The poinsettia, the traditional holiday plant, is native to Mexico and Central America and is found in the wild in mid-elevation tropical dry forests and on Pacific-facing slopes in steep canyons. The Aztecs used the plant for red dye and for medicinal purposes. The poinsettia’s association with Christmas dates back to the 17th century when Franciscan friars in Mexico used them in holiday celebrations. The star-shaped leaf pattern came to symbolize the Star of Bethlehem and the red color Jesus’s sacrifice at the crucifixion. The plant derives its name from the first US Ambassador to Mexico, Joel Roberts Poinsett. In 1825, while visiting Taxco, he became fascinated with the plants and sent some to his home in South Carolina. Poinsett, a botanist, propagated the plants and gave them to friends and to botanical gardens. In 1833, the plant was named after him. Robert Buist, a nurseryman, received some of Poinsett’s plants and is believed to be the first person to sell the plant in the US. Poinsettias became popular beginning in the early 1900s and remain synonymous as a holiday decoration in homes, churches, offices, and elsewhere across North America. Picture courtesy of USDA/Peggy Greb
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Introduction

Background

The site of several advanced Amerindian civilizations - including the Olmec, Toltec, Teotihuacan, Zapotec, Maya, and Aztec - Mexico was conquered and colonized by Spain in the early 16th century. Administered as the Viceroyalty of New Spain for three centuries, it achieved independence early in the 19th century. Elections held in 2000 marked the first time since the 1910 Mexican Revolution that an opposition candidate - Vicente FOX of the National Action Party (PAN) - defeated the party in government, the Institutional Revolutionary Party (PRI). He was succeeded in 2006 by another PAN candidate Felipe CALDERON, but Enrique PENA NIETO regained the presidency for the PRI in 2012. Left-leaning anti-establishment politician and former mayor of Mexico City (2000-05) Andres Manuel LOPEZ OBRADOR, from the National Regeneration Movement (MORENA), became president in December 2018.

The global financial crisis in late 2008 caused a massive economic downturn in Mexico the following year. Growth rebounded to about 5% in 2010, but then averaged roughly half that for the rest of the decade. Notwithstanding this challenge, Mexico is currently the largest goods trading partner of the US – with $614.5 billion in two-way goods trade during 2019. US exports of goods and services to Mexico supported 1.2 million jobs in the US in 2015 (the latest data available) according to estimates from the Department of Commerce. Mexico's GDP contracted by 8.2% in 2020 due to pandemic-induced closures, its lowest level since the Great Depression, but Mexico’s economy rebounded in 2021 when it grew by 4.8%, driven largely by increased remittances, despite supply chain and pandemic-related challenges.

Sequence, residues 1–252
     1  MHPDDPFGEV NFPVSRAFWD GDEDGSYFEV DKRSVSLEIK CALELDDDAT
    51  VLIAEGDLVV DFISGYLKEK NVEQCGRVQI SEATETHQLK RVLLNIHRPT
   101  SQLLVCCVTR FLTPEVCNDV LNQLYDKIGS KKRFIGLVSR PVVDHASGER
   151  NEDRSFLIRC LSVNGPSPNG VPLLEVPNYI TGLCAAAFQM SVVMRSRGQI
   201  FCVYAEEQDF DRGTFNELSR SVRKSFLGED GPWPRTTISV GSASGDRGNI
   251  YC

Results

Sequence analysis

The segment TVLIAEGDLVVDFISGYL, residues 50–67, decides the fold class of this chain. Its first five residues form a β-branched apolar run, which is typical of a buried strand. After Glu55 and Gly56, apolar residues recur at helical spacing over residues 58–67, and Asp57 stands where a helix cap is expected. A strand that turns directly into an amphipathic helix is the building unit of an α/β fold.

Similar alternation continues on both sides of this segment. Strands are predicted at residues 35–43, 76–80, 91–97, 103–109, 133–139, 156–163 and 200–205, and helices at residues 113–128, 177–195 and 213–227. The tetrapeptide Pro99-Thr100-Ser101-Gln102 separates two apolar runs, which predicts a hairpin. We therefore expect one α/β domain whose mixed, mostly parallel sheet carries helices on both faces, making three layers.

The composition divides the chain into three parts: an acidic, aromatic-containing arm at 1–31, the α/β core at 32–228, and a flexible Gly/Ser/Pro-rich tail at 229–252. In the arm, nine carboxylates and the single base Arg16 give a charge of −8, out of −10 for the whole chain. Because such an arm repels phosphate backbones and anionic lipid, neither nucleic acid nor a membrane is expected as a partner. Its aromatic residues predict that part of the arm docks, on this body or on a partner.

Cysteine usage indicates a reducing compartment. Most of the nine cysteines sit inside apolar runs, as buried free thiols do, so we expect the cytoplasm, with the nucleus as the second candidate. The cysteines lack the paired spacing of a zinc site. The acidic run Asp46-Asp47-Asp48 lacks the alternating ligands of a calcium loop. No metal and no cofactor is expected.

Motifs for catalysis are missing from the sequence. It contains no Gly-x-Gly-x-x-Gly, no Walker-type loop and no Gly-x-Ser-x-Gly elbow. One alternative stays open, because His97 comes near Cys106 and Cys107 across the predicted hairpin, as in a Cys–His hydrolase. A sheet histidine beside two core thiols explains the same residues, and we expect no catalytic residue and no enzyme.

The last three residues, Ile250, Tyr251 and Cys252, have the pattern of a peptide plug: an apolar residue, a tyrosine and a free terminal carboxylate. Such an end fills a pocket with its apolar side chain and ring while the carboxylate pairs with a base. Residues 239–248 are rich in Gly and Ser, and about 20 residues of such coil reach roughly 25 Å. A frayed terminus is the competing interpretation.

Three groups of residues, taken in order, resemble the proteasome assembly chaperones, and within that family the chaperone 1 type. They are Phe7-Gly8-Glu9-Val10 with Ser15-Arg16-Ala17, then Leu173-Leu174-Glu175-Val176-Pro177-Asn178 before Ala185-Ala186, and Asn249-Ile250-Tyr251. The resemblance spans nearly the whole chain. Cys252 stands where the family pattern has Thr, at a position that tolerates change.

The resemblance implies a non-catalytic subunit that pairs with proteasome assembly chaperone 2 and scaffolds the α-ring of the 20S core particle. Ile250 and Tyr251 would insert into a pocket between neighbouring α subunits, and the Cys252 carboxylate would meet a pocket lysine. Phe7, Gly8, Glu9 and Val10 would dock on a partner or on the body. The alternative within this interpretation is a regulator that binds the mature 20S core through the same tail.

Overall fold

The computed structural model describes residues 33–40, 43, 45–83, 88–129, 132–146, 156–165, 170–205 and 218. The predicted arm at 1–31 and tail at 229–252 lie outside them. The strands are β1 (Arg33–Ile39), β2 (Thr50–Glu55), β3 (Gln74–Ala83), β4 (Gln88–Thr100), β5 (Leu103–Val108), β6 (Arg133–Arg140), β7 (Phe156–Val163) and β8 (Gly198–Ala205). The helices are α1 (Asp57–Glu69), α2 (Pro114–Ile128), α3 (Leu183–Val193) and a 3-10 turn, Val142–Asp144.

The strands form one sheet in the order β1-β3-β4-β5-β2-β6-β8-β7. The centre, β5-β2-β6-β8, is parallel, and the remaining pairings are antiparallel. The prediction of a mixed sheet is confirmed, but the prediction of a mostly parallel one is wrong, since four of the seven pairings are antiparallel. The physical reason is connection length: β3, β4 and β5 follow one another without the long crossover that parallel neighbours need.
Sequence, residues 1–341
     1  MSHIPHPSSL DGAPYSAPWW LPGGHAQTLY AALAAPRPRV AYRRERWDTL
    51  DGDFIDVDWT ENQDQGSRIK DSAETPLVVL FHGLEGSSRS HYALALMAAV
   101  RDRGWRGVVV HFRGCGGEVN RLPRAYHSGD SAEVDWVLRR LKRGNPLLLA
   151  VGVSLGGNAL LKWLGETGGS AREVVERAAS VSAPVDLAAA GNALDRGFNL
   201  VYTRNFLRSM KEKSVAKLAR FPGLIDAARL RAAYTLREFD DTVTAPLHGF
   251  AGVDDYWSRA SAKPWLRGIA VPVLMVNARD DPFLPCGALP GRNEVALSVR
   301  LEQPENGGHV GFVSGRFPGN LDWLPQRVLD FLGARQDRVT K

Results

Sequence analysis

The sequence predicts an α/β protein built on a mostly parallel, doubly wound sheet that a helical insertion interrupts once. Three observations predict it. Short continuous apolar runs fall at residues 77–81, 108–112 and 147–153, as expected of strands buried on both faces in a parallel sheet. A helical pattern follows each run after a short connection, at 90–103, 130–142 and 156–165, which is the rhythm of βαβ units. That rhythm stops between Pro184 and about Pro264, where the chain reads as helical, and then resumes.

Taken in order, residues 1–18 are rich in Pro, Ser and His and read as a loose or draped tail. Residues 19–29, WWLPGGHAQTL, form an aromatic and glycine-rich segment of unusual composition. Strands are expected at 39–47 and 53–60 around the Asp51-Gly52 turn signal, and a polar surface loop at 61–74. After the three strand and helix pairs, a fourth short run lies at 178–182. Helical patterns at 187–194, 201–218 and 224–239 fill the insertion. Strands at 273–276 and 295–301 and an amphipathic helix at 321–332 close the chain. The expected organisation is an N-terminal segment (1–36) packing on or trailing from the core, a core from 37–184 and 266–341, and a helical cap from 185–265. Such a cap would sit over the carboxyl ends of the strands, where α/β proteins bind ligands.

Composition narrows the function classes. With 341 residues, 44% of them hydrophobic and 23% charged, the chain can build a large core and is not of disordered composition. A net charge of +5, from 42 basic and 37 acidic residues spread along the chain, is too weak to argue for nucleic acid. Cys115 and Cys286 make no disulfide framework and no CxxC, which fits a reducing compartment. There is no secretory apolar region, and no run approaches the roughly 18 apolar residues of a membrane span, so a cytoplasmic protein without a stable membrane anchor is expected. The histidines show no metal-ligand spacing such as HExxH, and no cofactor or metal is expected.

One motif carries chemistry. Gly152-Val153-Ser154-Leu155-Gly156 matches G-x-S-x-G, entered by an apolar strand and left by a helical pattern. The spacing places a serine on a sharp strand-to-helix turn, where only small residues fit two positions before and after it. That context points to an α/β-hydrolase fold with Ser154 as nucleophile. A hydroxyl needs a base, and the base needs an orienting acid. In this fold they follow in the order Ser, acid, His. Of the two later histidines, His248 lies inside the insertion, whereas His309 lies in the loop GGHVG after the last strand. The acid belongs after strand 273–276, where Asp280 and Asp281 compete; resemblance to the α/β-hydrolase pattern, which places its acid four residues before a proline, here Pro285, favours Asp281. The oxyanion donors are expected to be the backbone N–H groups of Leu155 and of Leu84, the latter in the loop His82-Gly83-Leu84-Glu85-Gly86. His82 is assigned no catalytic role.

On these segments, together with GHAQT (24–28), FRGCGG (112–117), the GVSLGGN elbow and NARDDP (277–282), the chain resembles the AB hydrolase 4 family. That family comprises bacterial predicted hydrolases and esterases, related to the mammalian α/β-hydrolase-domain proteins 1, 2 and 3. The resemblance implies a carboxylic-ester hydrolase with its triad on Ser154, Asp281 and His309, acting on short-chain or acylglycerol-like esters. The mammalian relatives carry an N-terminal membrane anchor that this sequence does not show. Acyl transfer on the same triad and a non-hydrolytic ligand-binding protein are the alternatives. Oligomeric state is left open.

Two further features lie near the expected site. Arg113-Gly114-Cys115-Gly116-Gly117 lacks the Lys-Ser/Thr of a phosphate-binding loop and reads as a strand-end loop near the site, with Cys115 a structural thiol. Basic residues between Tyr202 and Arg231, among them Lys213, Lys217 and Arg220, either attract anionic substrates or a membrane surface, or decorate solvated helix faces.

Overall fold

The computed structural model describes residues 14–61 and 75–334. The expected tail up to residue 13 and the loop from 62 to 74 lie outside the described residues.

The US-Mexico-Canada Agreement (USMCA, or T-MEC by its Spanish acronym) entered into force on 1 July 2020 and replaced its predecessor, the North American Free Trade Agreement (NAFTA). Mexico amended its constitution on 1 May 2019 to facilitate the implementation of the labor components of USMCA.

Ongoing economic and social concerns include low real wages, high underemployment, inequitable income distribution, and few advancement opportunities for the largely indigenous population in the impoverished southern states. Since 2007, Mexico's powerful transnational criminal organizations have engaged in a struggle to control criminal markets, resulting in tens of thousands of drug-related homicides and forced disappearances.

Visit the Definitions and Notes page to view a description of each topic.

Geography

Location

North America, bordering the Caribbean Sea and the Gulf of Mexico, between Belize and the United States and bordering the North Pacific Ocean, between Guatemala and the United States

Geographic coordinates

23 00 N, 102 00 W

Map references

North America

Area

total: 1,964,375 sq km

land: 1,943,945 sq km

water: 20,430 sq km

country comparison to the world: 20

Area - comparative

slightly less than three times the size of Texas

<p>slightly less than three times the size of Texas</p>

Land boundaries

total: 4,389 km

border countries (3): Belize 276 km; Guatemala 958 km; US 3,155 km

Coastline

9,330 km

Maritime claims

territorial sea: 12 nm

contiguous zone: 24 nm

exclusive economic zone: 200 nm

continental shelf: 200 nm or to the edge of the continental margin

Climate

varies from tropical to desert

Terrain

high, rugged mountains; low coastal plains; high plateaus; desert

Elevation

highest point: Volcan Pico de Orizaba 5,636 m

lowest point: Laguna Salada -10 m

mean elevation: 1,111 m

Natural resources

petroleum, silver, antimony, copper, gold, lead, zinc, natural gas, timber

Land use

agricultural land: 54.9% (2018 est.)

arable land: 11.8% (2018 est.)

permanent crops: 1.4% (2018 est.)

permanent pasture: 41.7% (2018 est.)

forest: 33.3% (2018 est.)